A very good soccer player and even better friend spoke to me about his love for languages and why it is so important to understand a context of connection. We met many years ago on a soccer pitch when Carel came to Stellenbosch again as extraordinary professor in Afrikaans and Nederlands and as staff member of the University of Stellenbosch Language Centre (Unit for Document Design; see this video made by Ablindspot productions).
Please take a look at what Carel is up to here.
I remember him playing a very good game of soccer and running circles around most of the younger players. His passion and love for the game is connected to his willingness to want to inspire students and learners, and this soon became apparent through his encouraging words of motivation. Since then we see each other almost every time he visits Stellenbosch, and together with mutual friends, we talk politics, believes, sport, economics and language. Carel is very well adjusted to Afrikaans, by the way. I had the opportunity to ask Carel some questions, and I think you will enjoy his answers:
How old are you now Carel?
I am 61 now; I was born in 1952, on August 15th to be exact.
Your dream at the age of 17?
I was hoping to become a professional soccer player, or if I wouldn’t be regarded as talented enough (and that proved to be the case indeed), I was hoping for a nice education followed by ?? – I really had no idea at that age.
What has been your biggest adventure in life thus far?
Most importantly: going to a good high school and later to a good university. In the family and the neighbourhood where I grew up, kids such as I were expected to get a job and to contribute to the household income as quickly as possible – preferably before the age of 16. I was the first to do it different – or perhaps better: to get the chance from my parents to do so. That made the whole thing quite special and also challenging. Furthermore going to SA for the first time meant a lot to me, because it gave me the chance to learn about a country and a society that in a great number of respects is different from my own, and also because it gave me the chance to contribute to an adequate education for SA students interested in my field.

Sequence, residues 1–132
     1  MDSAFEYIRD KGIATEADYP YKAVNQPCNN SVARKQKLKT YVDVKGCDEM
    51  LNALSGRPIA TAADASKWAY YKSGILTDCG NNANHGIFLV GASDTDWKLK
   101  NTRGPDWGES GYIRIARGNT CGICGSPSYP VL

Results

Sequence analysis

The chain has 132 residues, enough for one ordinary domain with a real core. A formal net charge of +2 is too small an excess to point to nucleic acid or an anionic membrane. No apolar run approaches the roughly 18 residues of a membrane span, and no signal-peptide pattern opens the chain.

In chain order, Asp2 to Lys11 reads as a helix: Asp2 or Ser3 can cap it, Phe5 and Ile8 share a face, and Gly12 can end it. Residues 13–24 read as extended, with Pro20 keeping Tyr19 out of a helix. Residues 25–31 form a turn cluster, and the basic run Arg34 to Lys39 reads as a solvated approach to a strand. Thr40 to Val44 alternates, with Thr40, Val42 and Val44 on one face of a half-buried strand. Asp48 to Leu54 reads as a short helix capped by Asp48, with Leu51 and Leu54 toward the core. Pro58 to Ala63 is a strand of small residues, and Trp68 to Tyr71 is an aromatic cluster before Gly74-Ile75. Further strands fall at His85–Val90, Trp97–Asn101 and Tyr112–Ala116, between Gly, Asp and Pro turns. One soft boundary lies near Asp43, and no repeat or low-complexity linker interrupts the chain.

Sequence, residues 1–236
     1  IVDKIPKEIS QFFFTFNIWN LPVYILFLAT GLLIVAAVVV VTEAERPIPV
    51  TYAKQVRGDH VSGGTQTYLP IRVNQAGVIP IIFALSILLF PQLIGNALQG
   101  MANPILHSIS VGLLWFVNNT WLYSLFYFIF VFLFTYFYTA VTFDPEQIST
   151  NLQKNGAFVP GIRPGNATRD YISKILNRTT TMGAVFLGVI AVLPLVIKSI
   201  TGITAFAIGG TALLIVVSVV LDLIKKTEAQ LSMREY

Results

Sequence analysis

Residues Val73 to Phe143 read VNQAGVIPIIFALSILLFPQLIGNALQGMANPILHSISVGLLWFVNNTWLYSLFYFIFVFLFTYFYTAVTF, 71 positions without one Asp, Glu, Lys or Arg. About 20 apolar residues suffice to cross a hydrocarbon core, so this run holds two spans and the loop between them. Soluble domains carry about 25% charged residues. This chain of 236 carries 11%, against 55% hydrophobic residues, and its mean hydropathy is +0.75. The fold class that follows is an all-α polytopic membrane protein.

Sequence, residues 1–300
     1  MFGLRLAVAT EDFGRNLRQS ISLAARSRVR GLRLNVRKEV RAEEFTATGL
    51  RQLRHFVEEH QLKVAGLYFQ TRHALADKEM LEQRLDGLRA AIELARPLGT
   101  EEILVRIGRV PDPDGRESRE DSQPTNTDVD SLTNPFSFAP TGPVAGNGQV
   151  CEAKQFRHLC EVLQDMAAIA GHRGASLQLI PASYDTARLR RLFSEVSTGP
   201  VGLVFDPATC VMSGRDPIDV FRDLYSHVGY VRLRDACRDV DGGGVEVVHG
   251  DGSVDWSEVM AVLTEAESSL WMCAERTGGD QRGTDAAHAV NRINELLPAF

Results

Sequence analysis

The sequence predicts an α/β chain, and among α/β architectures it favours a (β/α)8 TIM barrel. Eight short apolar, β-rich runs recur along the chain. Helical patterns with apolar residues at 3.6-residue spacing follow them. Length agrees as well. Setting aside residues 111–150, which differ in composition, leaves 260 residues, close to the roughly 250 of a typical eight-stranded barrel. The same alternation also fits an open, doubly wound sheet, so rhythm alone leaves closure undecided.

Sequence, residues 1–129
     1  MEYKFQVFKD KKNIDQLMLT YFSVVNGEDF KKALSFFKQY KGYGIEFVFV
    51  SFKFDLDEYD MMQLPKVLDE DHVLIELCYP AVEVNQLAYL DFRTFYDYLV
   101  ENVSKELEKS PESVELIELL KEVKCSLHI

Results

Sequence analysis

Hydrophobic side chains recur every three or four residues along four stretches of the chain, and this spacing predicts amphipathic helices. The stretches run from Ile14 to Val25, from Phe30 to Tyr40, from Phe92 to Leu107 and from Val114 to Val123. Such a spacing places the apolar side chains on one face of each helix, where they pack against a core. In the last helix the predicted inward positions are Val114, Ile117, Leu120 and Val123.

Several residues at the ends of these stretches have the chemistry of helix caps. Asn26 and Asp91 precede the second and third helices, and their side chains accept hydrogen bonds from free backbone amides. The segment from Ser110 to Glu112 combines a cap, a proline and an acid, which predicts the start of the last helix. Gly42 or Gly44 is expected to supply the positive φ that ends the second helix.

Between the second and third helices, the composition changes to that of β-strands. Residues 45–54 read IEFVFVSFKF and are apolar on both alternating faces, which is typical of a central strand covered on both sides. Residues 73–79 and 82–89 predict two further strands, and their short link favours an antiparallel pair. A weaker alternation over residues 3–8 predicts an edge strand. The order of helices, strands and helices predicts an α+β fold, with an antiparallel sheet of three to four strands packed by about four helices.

List five of your interests?
Language and Literature.
Sports. (especially soccer)
What makes you feel passionate about your language?
First of all the fact that such a complicated system can be learned so easily by young children all over the world, while it is so difficult to master it at a later age. And secondly that this system plays such an important role in two of the most essential human activities: thinking and communicating.
What was the one thing that made you realize that you want to invest your energy and knowledge in South Africa’s youth?
The idea that the development of a country for a great part depends on the level of education of the young generations. That is why I am committed to investing knowledge and energy not only in the education of SA students at tertiary level, but also in raising funds for the ‘boektrommelproject’ (see http://www.vriendevanafrikaans.co.za/index.php?option=com_content&view=category&layout=blog&id=8&Itemid=141), aimed at creating more possibilities for young children from low income SA families to start and keep on reading.
What do you think of Picasso’s following words: “The meaning of life is to find your gift. The purpose of life is to give it away.”
Important and true, but not always easy to live up to.